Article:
Stress and impairment during residency training: strategies for reduction, identification, and management. Resident Services Committee, Association of Program Directors in Internal Medicine

Ann Intern Med. 1988 Jul 15;109(2):154-61. doi: 10.7326/0003-4819-109-2-154.


Graduate physicians face formidable developmental tasks during residency training as they prepare for their professional careers. Adapting to becoming a skilled physician involves assuming and mastering many professional responsibilities for the proper care of patients while taking on many personal obligations such as marriage, parenthood, and financial independence. Adaptation requires physicians to cope successfully with a series of stresses that have been divided into three categories: situational, professional, and personal stresses. Each category is reviewed and both general and specific recommendations are offered to reduce the level of stress. Normal and abnormal responses to the stresses of residency training are described, and guidelines are provided for recognizing the impaired resident early. Recommendations are made for managing the residency program and treating the resident, should he or she become impaired.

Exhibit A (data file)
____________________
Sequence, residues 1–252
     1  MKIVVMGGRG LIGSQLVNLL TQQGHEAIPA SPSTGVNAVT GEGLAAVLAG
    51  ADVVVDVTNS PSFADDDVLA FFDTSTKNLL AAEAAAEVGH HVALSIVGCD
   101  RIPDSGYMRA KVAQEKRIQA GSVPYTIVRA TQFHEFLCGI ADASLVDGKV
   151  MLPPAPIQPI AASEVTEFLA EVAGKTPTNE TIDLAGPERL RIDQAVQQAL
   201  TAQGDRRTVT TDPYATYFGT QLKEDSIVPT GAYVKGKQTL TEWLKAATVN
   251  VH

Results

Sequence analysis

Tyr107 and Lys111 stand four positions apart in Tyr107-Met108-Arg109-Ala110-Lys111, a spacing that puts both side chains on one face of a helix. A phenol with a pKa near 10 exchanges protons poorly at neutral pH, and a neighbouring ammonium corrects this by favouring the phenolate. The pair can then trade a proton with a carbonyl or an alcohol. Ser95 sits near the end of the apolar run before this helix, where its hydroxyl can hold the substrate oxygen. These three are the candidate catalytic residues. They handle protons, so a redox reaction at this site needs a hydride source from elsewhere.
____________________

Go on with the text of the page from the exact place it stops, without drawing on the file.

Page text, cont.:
MeSH terms

  • Adaptation, Psychological
  • Clinical Competence*
  • Humans
  • Internal Medicine / education
  • Internship and Residency / organization & administration*
  • Occupational Diseases / prevention & control
  • Occupational Diseases / psychology*
  • Personnel Management / methods
  • Physician Impairment
  • Stress, Psychological / prevention & control*
  • United States